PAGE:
## Built-in Voltage

In pn-junction there is a high concentration of holes on the p-side and a high concentration of electrons on the n-side. The mobile charge carriers diffuse from high concentration to low concentration so the holes diffuse to the n-side and the electrons diffuse to the p-side. This establishes a charge imbalance with positive charge on the n-side and negative charge on the p-side resulting in an electric field that points from n to p. This electric field pushes the holes back to the p-side and the electrons back to the n-side. At zero applied voltage, the diffusion current is cancelled by the drift current caused by the electric field. There is a voltage drop across the junction in this case which can be calculated by integrating the electric field across the junction. This voltage is called the built-in voltage, $V_{bi}$. In the band diagram there is an offset of $eV_{bi}$ between the valence band on the two sides of the junction. If both sides of the junction are heavily doped, the Fermi energy is close to the valence band on the p-side and close to the conduction band on the n-side. This makes $eV_{bi}$ nearly equal to the band gap energy $E_g$.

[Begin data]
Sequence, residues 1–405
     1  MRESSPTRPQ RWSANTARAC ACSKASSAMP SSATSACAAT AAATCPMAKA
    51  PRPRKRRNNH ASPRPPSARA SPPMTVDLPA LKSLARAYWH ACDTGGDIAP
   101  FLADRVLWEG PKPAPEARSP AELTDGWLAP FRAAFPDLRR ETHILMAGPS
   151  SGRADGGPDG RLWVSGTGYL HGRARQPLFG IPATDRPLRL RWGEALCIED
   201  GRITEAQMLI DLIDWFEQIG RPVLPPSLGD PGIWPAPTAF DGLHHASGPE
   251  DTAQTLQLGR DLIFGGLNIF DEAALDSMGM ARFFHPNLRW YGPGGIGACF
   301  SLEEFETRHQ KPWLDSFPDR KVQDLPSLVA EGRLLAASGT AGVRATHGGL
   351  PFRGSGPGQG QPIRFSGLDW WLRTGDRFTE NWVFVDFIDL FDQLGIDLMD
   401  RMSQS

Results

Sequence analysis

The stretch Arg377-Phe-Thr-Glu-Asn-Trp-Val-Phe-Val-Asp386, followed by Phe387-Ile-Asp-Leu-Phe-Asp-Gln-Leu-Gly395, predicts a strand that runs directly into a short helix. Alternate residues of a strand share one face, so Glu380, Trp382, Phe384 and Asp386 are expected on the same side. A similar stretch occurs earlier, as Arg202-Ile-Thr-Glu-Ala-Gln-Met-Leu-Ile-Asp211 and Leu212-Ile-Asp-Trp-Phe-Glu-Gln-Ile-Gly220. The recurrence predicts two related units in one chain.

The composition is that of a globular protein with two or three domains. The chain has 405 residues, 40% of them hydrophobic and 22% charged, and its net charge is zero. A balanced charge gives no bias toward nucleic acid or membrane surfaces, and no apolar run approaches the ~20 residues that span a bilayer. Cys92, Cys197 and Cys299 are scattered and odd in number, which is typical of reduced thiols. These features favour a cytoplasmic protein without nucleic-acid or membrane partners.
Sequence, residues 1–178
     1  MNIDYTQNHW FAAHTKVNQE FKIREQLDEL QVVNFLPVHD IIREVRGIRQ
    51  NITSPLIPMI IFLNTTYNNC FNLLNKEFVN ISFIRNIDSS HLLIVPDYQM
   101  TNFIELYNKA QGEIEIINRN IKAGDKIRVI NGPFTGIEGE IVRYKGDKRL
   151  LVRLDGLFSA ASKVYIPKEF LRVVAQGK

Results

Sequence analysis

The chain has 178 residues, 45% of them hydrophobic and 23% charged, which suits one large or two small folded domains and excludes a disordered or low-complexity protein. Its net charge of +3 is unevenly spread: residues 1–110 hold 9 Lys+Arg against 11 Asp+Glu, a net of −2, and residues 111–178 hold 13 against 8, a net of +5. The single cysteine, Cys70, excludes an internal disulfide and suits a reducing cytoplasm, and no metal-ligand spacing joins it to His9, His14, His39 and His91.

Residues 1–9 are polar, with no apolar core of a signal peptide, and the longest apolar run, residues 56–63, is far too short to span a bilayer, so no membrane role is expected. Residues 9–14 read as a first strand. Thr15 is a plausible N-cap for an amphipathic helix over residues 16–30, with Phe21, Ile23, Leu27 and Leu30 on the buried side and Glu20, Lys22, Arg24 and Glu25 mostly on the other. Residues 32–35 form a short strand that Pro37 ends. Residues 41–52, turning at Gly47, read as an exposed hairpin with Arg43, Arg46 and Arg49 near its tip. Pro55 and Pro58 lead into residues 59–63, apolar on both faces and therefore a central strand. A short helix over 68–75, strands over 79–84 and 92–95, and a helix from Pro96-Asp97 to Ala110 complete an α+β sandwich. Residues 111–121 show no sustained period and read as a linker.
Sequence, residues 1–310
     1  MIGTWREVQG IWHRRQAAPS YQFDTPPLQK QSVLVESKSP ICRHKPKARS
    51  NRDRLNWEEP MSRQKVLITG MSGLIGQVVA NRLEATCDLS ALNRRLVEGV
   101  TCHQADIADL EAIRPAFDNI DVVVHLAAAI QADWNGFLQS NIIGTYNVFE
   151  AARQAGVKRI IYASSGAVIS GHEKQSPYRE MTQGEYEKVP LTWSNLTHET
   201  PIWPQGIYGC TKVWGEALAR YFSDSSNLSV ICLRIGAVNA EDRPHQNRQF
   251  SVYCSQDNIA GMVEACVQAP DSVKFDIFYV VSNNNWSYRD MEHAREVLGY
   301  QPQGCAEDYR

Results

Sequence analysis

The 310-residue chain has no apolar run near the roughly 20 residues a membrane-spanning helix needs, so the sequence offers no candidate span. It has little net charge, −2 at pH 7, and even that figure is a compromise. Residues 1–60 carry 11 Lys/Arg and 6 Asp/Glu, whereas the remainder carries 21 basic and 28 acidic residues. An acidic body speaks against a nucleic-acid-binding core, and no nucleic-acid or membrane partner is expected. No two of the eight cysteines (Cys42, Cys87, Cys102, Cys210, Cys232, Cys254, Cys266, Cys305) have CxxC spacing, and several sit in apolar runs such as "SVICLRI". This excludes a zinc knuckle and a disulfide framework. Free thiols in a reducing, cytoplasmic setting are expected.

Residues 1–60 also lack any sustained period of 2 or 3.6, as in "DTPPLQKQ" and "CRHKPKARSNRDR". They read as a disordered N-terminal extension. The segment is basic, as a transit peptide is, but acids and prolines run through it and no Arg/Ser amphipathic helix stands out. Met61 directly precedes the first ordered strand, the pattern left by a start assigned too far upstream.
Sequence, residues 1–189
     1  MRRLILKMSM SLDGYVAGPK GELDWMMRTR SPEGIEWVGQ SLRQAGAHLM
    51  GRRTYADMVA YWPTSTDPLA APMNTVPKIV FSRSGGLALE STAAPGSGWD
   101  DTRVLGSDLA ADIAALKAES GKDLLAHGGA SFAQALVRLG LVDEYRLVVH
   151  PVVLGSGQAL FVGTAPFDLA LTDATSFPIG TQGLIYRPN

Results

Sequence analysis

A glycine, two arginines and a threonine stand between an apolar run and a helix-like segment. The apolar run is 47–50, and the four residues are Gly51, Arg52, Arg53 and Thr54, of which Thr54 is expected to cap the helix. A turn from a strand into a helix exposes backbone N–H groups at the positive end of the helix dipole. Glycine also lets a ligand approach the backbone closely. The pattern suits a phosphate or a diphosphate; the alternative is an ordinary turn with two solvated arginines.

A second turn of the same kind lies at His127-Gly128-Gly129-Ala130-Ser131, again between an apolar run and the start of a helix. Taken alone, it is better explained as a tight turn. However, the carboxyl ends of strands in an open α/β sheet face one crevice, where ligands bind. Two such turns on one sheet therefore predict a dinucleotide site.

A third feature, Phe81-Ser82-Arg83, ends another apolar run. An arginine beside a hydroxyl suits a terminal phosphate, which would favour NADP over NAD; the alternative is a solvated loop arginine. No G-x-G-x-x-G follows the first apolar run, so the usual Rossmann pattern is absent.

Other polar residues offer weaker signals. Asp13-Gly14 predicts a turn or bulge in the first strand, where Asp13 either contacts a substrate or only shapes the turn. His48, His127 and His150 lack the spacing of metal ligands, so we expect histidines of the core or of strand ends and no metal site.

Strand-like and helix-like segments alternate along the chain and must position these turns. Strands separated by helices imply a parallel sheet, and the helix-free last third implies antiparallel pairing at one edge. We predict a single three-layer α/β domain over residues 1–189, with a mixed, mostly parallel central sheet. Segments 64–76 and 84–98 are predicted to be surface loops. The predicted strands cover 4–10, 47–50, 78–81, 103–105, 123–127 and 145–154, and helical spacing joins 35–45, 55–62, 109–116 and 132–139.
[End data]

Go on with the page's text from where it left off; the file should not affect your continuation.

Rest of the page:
$N_A$ = 1/cm³ $N_D$ = 1/cm³ $E_g$ = eV $N_v(300)$ = 1/cm³ $N_c(300)$ = 1/cm³ $\epsilon_r$ = $T$ = K

$E_g=$  eV  $W=$  μm  $x_p=$  μm  $x_n=$  μm  $V_{bi}=$  V  $n_i=$  1/cm³

Band diagram

 [eV] x [μm]

The energy associated with the built-in voltage $eV_{bi}$ (orange) is the band gap energy $E_g$ (green) minus the distance between the conduction band and the Fermi energy on the n-side (pink) minus the difference between the Fermi energy and the valence band on the p-side (blue).

$$eV_{bi} = E_g - (E_c - E_f)|_n - (E_f-E_v)|_p.$$

Far from the junction on the p-side, the hole concentration is $p= N_v\exp\left(\frac{E_v-E_f}{k_BT}\right)\approx N_A$. This can be solved for the energy difference between the valence band and the Fermi energy,

$$(E_f-E_v)|_p = k_BT\ln\left(\frac{N_v}{N_A}\right).$$

Similarly, far from the junction on the n-side, the hole concentration is $n= N_c\exp\left(\frac{E_f-E_c}{k_BT}\right)\approx N_D$. This can be solved for the energy difference between the conduction band and the Fermi energy,

$$(E_c-E_f)|_n = k_BT\ln\left(\frac{N_c}{N_D}\right).$$

The built-in voltage can then be expresed as,

$$eV_{bi} = E_g - k_BT\ln\left(\frac{N_c}{N_D}\right) - k_BT\ln\left(\frac{N_v}{N_A}\right).$$

The expression for the intrinsic carrier density $n_i$ is,

$$n_i^2=N_cN_v\exp\left(\frac{-E_g}{k_BT}\right).$$

Solving this for $E_g$ yields,

$$E_g = k_BT\ln\left(\frac{N_cN_v}{n_i^2}\right).$$

The built-in voltage can then be written as,

$$eV_{bi} = k_BT\ln\left(\frac{N_cN_v}{n_i^2}\right) - k_BT\ln\left(\frac{N_c}{N_D}\right) - k_BT\ln\left(\frac{N_v}{N_A}\right).$$

Using the properties of the logarithm, this can be simplied to,

$$\boxed{\quad eV_{bi} = k_BT\ln\left(\frac{N_DN_A}{n_i^2}\right).\quad}$$